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MH370 SHOCK: Missing Malaysia Airlines plane went into a ‘SPIRAL DIVE’ over Indian Ocean

MH370 SHOCK: Missing Malaysia Airlines plane went into a ‘SPIRAL DIVE’ over Indian Ocean

MH370 went missing on March 8 2014 en route from Kuala Lumpur to Beijing with 239 people on board and was never seen again. The presumed location of the wreckage, according to the official investigation, is at the bottom of the Indian Ocean, but little was known about its last moments until now. Jeff Wise, author of The Plane That Wasn’t There, explained that data from a satellite – the Burst Timing Offset (BTO) – indicated that the plane had been travelling in a straight line.

He said this likely means the plane had been set to autopilot and flew until it simply ran out of fuel.

Then, the plane would have entered a spiral dive and hit the sea’s surface “within minutes”.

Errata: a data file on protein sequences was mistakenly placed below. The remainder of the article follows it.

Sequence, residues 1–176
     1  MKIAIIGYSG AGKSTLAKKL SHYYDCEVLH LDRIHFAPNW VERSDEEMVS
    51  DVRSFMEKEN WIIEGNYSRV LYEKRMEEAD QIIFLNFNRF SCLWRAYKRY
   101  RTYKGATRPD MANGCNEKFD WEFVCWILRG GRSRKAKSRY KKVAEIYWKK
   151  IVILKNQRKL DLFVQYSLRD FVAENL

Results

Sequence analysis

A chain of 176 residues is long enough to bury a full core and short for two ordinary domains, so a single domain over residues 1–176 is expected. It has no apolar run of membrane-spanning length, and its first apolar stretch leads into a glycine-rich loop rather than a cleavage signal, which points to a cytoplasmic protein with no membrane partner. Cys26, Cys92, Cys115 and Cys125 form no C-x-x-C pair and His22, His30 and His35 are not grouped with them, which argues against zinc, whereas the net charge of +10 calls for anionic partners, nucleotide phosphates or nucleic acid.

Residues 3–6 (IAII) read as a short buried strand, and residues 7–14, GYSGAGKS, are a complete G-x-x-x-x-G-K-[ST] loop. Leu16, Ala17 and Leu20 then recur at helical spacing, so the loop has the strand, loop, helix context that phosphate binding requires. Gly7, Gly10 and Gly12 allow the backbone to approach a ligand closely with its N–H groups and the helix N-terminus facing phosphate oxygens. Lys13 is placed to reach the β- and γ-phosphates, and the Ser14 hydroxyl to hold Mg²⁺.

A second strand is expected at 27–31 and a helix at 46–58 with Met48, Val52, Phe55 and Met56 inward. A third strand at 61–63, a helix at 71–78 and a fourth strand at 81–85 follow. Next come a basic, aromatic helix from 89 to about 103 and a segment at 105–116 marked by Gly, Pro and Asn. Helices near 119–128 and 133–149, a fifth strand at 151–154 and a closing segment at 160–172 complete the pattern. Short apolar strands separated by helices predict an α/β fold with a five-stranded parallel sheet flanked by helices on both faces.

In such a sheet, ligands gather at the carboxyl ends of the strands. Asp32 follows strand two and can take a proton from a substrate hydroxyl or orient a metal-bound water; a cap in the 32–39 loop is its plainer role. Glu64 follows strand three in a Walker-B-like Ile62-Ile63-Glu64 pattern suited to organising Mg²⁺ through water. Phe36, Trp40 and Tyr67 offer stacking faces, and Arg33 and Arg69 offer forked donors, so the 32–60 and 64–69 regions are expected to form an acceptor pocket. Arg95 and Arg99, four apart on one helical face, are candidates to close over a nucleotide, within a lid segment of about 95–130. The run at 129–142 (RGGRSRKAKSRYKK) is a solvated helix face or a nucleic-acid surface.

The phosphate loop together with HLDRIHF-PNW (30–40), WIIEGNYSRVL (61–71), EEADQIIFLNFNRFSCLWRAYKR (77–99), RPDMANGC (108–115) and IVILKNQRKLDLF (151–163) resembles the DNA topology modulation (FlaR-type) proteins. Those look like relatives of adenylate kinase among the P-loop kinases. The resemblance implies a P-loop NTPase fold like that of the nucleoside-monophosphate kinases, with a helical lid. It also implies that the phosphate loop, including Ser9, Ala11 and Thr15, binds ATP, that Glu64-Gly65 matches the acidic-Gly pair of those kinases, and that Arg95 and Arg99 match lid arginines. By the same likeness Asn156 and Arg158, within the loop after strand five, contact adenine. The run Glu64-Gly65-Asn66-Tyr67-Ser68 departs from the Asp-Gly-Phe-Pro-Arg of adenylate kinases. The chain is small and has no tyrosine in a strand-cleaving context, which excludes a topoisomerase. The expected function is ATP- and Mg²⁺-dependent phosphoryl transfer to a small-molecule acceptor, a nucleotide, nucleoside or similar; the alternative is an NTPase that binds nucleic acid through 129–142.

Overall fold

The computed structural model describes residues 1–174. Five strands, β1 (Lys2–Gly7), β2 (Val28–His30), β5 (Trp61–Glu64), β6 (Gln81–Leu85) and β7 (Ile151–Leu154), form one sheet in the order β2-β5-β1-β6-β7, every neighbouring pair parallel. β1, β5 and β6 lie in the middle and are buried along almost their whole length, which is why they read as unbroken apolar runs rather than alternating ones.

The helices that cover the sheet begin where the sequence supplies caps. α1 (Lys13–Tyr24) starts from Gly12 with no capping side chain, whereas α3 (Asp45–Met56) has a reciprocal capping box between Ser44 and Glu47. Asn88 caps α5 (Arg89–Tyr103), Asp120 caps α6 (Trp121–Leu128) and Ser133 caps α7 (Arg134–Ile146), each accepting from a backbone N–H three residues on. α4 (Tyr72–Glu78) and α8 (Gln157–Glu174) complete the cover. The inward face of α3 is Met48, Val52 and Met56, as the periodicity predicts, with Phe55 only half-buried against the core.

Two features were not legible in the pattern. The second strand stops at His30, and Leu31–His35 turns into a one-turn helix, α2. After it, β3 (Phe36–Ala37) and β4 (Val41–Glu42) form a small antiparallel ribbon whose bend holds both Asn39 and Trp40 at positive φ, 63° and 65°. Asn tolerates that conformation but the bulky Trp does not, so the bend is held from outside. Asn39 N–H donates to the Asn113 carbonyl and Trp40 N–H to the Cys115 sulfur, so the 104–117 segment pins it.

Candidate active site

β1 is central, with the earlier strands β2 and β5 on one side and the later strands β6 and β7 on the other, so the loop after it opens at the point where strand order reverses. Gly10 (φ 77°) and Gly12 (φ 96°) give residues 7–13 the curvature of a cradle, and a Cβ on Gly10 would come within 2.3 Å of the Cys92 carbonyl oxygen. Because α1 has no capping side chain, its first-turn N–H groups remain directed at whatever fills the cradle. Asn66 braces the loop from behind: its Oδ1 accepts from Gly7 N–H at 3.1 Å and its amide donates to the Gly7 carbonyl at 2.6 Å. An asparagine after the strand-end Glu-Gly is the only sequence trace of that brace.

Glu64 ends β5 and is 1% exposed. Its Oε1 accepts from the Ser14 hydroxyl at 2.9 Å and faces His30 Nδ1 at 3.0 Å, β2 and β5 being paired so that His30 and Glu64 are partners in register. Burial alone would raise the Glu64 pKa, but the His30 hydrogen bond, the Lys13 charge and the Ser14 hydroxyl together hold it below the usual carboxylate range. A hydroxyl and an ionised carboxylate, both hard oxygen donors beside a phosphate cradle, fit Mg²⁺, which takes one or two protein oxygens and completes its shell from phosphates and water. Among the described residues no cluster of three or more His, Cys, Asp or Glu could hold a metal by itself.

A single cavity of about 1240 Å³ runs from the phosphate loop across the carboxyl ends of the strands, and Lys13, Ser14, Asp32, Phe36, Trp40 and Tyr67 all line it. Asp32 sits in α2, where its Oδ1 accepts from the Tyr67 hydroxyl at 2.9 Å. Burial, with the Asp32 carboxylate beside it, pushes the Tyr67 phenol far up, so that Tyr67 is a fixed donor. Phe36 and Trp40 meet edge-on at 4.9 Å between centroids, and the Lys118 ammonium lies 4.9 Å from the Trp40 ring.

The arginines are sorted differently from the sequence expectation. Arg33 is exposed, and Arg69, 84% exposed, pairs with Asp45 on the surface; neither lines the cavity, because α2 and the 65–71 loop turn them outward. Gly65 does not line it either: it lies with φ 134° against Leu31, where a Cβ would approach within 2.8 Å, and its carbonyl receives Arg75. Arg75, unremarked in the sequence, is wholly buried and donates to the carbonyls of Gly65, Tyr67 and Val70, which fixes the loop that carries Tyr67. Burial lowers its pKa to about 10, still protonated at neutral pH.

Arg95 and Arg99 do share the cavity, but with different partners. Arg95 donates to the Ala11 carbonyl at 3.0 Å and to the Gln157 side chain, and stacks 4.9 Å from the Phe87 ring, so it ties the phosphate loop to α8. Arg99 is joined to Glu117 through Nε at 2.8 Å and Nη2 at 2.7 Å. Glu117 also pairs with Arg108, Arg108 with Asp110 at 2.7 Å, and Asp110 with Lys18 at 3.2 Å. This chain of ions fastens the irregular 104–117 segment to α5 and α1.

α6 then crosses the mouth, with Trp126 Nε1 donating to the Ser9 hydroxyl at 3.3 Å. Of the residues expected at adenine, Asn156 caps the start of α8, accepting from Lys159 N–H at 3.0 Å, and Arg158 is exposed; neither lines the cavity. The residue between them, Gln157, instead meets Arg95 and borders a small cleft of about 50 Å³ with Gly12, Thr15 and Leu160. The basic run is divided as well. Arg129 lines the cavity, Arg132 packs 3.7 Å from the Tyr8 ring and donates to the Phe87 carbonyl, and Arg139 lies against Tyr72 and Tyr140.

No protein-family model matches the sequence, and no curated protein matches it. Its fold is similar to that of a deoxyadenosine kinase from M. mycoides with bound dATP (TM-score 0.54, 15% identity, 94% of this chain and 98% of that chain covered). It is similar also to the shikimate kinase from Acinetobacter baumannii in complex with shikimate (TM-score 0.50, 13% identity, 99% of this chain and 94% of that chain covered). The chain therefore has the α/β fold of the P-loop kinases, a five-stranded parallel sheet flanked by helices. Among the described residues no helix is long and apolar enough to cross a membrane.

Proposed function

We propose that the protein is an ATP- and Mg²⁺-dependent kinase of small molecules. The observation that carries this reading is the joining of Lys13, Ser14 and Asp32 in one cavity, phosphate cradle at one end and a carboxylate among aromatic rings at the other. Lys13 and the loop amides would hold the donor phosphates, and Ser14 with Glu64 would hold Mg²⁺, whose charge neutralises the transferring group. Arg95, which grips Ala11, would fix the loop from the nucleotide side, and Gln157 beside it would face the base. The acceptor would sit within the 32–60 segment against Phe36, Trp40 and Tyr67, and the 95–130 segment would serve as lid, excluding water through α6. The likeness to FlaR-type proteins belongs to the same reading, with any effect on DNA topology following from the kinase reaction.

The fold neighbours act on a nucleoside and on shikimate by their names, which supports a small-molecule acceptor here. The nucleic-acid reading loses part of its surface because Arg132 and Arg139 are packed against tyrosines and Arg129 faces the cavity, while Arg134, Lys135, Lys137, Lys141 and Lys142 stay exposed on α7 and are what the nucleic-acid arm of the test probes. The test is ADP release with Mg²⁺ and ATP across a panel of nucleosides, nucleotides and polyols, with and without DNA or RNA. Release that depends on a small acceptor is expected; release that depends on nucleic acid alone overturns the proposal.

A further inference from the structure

Mr Wise said: “The BTO data matched well with a straight line flight, meaning that in all likelihood the plane had been flying on autopilot towards a pre-programmed waypoint until it ran out of fuel a few minutes after 0.11 UTC.

“With the engines no longer running, the plane’s electrical systems would have failed until a back-up generator could kick in.

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“When this happened, the sat-com system would have come back online and initiated the final ‘handshake’ at 0.19 UTC.

“By then, the plane was either in a steep spiral dive or about to enter one and impacted the sea within minutes.”

He added that in this scenario, there needn’t have been anyone controlling the plane at all.

He suggested that the pilots may have “fallen victim to some kind of accident” or even killed themselves.

The investigation into MH370’s disappearance used data from a satellite owned by British satellite telecommunications company Inmarsat.

The satellite, called 3F1, recorded communications with the plane called ‘handshakes’.

These recorded Burst Frequency Offset and Burst Timing Offset values, which gave an indication as to how far the plane was from the satellite and their relative motion respectively.

Combining these values led investigators to believe the plane flew south across the Indian Ocean, before entering the sea there.

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